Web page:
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Iraq Sanctions

August 25, 1999

The US military yesterday denied attacking civilian sites in Iraq, after the Iraqi government accused it of having killed two people in the town of Ba’shequa, several hundred miles north of Baghdad. Speaking from a US base in Ankara, Turkey, a US military spokesperson said that the two people had probably died from falling Iraqi anti-aircraft rounds, and not from bombs fired by allied planes.

The US and Britain have dropped hundreds of missiles on northern and southern Iraq since late December, killing dozens of people, despite the fact that the UN Security Council has not authorized the attacks. And some Security Council members, led by France, are criticizing the bombings and working on a resolution to end the economic sanctions that are responsible for the deaths of thousands of Iraqis every month. France and the US could come to a head at the Security Council over this issue.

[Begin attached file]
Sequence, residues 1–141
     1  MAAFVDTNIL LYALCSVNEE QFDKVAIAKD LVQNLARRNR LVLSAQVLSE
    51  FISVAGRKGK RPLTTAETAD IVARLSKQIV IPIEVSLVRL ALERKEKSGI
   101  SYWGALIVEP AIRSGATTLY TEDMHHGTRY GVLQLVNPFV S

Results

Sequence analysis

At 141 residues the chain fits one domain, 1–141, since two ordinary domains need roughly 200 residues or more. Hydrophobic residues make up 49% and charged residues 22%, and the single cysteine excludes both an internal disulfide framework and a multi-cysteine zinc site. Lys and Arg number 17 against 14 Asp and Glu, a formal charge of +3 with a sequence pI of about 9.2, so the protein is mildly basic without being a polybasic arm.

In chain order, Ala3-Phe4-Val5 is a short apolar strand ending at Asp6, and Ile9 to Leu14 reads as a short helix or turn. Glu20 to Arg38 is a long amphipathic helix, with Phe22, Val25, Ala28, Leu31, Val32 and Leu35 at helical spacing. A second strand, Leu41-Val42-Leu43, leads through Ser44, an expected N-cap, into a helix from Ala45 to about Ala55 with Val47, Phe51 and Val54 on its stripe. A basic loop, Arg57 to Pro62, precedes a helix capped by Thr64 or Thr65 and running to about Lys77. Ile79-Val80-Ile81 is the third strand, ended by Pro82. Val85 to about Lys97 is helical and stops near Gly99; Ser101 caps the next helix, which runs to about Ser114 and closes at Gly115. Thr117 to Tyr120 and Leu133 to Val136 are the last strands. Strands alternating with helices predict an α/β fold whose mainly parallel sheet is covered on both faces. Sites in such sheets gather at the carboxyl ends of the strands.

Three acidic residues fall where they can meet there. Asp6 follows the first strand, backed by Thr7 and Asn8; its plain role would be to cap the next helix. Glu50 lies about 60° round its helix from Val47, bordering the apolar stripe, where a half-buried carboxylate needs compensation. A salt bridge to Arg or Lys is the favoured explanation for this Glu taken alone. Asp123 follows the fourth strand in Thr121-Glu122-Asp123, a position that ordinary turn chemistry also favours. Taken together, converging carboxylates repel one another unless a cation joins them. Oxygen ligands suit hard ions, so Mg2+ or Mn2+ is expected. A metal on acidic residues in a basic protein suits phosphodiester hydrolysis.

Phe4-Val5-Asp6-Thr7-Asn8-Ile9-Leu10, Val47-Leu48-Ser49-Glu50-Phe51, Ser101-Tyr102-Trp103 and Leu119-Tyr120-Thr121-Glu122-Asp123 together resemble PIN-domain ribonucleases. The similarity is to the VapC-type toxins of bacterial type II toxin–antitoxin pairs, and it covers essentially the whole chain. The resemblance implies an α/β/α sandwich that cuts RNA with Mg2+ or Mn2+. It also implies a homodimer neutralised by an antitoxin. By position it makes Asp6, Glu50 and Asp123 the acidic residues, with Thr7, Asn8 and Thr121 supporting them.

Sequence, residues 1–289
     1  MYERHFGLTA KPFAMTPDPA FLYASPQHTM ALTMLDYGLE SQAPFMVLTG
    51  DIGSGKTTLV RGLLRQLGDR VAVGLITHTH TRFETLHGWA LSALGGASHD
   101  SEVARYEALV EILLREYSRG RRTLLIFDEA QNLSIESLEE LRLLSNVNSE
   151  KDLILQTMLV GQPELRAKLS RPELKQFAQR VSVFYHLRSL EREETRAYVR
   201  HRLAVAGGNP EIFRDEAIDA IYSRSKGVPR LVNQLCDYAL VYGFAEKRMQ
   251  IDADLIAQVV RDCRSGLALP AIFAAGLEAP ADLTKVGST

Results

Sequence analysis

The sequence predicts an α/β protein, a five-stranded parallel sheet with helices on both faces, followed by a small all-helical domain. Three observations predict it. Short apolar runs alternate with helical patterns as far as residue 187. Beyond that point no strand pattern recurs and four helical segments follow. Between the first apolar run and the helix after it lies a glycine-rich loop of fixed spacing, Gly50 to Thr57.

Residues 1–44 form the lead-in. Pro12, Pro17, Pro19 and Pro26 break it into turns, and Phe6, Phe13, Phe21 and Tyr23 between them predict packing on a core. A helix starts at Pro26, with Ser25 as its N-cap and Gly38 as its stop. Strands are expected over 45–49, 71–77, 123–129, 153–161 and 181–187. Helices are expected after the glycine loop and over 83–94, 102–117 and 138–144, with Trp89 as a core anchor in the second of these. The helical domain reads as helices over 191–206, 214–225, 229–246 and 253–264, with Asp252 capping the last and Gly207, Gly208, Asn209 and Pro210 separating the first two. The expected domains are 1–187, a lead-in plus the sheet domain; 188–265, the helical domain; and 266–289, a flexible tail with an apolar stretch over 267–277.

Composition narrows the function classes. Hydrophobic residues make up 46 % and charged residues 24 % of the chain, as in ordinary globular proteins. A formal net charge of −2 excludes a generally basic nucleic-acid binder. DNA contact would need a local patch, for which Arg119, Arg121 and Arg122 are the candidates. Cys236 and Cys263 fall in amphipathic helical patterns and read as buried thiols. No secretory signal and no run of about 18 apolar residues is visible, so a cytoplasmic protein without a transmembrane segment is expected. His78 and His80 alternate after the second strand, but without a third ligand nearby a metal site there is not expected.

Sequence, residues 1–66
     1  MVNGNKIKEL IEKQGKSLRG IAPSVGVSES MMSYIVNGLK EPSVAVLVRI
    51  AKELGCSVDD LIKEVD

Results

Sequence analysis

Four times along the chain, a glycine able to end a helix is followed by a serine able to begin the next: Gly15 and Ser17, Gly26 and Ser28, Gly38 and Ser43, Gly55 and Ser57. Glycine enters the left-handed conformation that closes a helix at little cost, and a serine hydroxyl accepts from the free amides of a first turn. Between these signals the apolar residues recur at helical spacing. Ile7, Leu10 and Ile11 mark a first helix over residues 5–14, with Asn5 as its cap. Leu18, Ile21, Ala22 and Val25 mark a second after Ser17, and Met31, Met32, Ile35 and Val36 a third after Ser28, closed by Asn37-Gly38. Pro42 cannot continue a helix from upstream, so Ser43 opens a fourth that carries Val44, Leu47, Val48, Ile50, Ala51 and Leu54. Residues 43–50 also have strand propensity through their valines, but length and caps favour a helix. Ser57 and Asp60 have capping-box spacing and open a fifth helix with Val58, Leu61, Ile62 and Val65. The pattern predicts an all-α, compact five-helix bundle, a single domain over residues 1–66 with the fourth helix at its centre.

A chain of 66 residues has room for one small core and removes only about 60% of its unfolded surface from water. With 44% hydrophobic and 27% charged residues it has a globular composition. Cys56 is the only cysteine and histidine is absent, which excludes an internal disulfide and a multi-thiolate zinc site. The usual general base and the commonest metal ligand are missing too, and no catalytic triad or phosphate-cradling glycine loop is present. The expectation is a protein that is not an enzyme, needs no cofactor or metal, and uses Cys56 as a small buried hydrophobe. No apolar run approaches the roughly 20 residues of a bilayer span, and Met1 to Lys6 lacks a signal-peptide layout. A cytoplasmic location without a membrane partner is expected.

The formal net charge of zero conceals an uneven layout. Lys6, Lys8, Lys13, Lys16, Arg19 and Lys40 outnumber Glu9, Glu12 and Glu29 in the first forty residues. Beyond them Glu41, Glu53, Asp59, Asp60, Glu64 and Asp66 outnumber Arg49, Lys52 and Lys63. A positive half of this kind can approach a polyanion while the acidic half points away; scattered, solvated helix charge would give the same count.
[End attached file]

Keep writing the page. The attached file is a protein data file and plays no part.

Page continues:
As we recently reported on Democracy Now!, a new UNICEF study says that infant and child mortality in Iraq has more than doubled in the last 10 years. The sanctions are now into their ninth year, and France hopes to convince council members to lift them.


  • Farhan Haq, United Nations Correspondent for the Inter-Press Service, a Third-World news agency.
  • Phyllis Bennis, Middle East expert for the Institute for Policy Studies and author of the book "Calling the Shots."

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